Affairs and betrayals can severely strain any relationship. Whether it's infidelity, financial secrets, threats to leave, gambling or even drug/alcohol abuse, betrayals of any kind can break trust and greatly affect the well-being of everyone involved.
These situations can be deeply upsetting and it can be hard to see a way forward at the outset. But, with a little time and effort, you can put this behind you and find peace again.
Relationship counselling provides an opportunity for individuals to work through hurt and trust issues in order to recover intimacy and goodwill. This page will explore counselling for affairs and infidelity in more depth, as well as the reasons why people betray others and the impact this can have.
An affair or betrayal is a relational issue and, often, they are the symptom of longer-term problems. But, ultimately, the reasons why people are unfaithful vary and will depend on the personal circumstances and individual needs of those involved. There does, however, tend to be two main reasons why people commit infidelity or betray someone close to them.
Sometimes people will have an affair in the hope that it will solve a problem that, for some reason, couldn’t be met in the relationship. They will look outside of the relationship to find the "missing part of the jigsaw" which allows them to function within their relationship.
Relationships can come under strain for a variety of reasons and, when we experience stress or emotional strain, it can cause us to think and behave in ways we wouldn't naturally. In this way, an act of betrayal may be an unconscious attempt to get away from relationship problems, rather than tackling them head-on.
Often people who seek affairs are yearning for a different version of themselves or an escape route from facing up to difficult issues in their relationship. The secrecy of the affair adds an excitement that is both addictive and full of shame.
- Counsellor Chloe Goddard McLoughlin.
Emotional dissatisfaction is another common factor, and many will betray their loved one to seek lost admiration, validation, connection and intimacy. This may be why some affairs begin around the birth of a child or during another major life change. A betrayal can also be an attempt to regain power in a relationship following an unhappy or difficult circumstance. Anger and loss can be temporarily dispersed through an affair - with little thought of the long-term consequences.
Another reason why people betray others is to bring the relationship to a close. Problems that have gradually snowballed may lead to a relationship breakdown that neither party wants to officially end - often due to a fear of being alone. Infidelity or betrayal, therefore, may seem like a simpler way out of the relationship or a way of escaping the relationship without having to take responsibility for the consequences.
In other cases, affairs can be a means to seek pleasure, opportunity and excitement. Sometimes people will have an affair as a means to boost their self-esteem and social recognition. In these circumstances, the perpetrator is usually putting their own personal gratification before the needs of those close to them.
No one ever expects or wants to be betrayed. For this reason, the discovery that your partner has been unfaithful can be very upsetting. There’s a profound break in trust and the intense emotions that follow can be similar to those experienced following the death of a loved one.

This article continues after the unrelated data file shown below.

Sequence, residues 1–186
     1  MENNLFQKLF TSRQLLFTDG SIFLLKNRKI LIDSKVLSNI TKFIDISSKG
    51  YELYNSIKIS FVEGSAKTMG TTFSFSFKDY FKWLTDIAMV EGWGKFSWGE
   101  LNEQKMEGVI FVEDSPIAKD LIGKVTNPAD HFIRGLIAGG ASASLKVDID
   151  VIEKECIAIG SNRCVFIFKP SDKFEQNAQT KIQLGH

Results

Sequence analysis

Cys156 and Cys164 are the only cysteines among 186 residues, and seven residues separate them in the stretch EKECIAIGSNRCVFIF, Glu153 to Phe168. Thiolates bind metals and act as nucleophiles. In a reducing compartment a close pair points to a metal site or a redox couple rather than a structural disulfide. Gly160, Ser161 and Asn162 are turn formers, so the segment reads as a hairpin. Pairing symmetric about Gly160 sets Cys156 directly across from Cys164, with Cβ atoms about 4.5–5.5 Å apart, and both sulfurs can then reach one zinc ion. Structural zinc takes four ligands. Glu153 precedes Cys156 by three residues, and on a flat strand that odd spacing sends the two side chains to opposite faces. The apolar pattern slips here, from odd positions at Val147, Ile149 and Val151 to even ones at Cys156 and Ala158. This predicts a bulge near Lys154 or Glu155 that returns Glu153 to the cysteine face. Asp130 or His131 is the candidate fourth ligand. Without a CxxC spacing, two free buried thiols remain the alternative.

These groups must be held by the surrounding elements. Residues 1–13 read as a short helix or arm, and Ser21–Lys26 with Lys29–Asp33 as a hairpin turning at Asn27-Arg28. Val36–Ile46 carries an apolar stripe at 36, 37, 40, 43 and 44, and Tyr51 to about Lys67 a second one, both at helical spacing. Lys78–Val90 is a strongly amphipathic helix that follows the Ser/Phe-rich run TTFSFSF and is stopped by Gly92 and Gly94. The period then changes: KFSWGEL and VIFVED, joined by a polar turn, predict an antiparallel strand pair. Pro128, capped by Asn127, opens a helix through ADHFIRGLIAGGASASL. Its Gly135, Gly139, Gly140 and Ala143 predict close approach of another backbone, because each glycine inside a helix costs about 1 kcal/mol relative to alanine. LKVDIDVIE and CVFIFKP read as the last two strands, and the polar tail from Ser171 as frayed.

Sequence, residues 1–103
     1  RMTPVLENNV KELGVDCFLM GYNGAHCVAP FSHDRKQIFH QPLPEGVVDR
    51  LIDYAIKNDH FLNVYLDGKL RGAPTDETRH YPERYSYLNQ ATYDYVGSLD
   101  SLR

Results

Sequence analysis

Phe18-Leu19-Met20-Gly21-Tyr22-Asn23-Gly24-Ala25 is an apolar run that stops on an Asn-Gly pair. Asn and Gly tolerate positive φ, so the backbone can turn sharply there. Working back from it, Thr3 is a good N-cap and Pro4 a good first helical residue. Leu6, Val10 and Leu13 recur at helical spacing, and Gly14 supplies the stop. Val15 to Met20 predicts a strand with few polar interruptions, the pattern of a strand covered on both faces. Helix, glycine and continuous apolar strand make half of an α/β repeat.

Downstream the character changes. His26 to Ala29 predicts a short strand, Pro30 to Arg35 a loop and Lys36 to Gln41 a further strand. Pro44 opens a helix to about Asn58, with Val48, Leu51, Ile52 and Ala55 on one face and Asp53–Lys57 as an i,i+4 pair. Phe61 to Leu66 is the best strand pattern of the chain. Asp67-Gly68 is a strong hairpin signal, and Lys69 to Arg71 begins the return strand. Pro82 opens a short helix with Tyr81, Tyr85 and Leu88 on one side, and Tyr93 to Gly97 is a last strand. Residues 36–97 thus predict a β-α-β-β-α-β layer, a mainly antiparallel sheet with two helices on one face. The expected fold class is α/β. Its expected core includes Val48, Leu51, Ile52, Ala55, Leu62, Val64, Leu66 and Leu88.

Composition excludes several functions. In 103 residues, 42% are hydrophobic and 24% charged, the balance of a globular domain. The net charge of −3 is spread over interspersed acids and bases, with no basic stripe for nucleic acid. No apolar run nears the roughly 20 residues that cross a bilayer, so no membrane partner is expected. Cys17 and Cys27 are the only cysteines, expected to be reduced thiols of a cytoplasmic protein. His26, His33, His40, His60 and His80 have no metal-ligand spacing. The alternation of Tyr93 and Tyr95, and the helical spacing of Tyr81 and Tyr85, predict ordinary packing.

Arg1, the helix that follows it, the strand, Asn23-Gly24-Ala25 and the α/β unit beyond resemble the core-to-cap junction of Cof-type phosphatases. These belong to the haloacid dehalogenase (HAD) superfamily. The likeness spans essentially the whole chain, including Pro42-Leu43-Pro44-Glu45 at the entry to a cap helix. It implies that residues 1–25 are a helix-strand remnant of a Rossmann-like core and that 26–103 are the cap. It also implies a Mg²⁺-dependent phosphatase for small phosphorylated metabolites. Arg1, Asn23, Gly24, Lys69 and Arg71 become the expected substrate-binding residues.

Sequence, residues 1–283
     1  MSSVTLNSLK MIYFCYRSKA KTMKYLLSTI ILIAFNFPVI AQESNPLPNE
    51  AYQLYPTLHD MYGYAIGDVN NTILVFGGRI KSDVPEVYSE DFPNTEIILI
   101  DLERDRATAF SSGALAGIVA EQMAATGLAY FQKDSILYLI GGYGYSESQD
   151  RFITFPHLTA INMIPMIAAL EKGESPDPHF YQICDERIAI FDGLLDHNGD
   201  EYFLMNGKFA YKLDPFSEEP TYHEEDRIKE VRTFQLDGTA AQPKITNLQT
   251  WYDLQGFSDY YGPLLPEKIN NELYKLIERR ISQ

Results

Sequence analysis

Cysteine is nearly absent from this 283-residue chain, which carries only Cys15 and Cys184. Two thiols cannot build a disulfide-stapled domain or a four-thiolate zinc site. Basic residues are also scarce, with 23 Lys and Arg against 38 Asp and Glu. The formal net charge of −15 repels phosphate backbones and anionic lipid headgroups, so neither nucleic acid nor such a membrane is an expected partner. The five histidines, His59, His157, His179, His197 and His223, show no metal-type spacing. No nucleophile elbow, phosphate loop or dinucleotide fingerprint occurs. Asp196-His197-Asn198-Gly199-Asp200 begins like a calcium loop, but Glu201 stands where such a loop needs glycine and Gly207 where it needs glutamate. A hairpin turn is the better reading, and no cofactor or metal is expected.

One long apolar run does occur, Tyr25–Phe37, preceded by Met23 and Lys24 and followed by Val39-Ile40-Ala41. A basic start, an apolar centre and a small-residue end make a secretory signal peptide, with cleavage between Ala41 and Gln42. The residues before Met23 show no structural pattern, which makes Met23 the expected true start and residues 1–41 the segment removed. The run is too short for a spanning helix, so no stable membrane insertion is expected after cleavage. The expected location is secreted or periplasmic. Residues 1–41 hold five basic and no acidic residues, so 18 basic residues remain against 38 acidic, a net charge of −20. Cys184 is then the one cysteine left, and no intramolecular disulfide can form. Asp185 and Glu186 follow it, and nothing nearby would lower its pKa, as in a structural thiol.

Lucy Cavendish explores infidelity on Happiful:
For some people, an affair automatically signals the end of the marriage or relationship. It may be the one thing they cannot bear. For others, sexual infidelity is not particularly important and a sexual affair is of little consequence. It’s impossible to know how we would react until it happens.
Grief is a common response; over the loss of the relationship as it was known and over the loss of trust that had existed. There may even be sadness over a loss of expectation. This is because betrayal means a loss of security, loss of respect and, above all, the loss of the 'perfect relationship' ideal.
The discovery of an affair can trigger the onset of many questions, particularly for the person who has been betrayed. You may feel great confusion and uncertainty regarding the relationship and the person you thought you could trust.
The discovery of betrayal can lead to questions such as:
As for the person who committed the betrayal, they too may be feeling confused, distressed and guilty over the discovery of their wrongdoing - especially if it was not their intention to hurt the other person.
Mixed emotions of anger, resentment, blame, shock and bewilderment can lead to a number of knee-jerk responses such as filing for divorce and blocking all contact with the person who committed the betrayal.
These are typical fight or flight reactions - ways in which our body naturally responds to stressful and threatening situations - and tend to be triggered by a need to escape and defend ourselves when life gets hard.
Learn how to recognise your fight, flight or freeze responses.
For some people, finding out someone they valued and trusted has betrayed them can make them feel like their world has been turned upside down - literally. This can, in some cases, have physical symptoms such as disorientation, dizziness, nausea and out of body sensations. This is often a result of shock combined with the inability to accept the reality of the situation.
The discovery of an affair brings with it a lot of emotional turmoil. If you have been betrayed, you may find yourself preoccupied with the ways in which you can immediately deal with the situation and make the pain disappear. But, often these methods are ineffective and can lead to further problems - especially if the betrayal itself goes unresolved.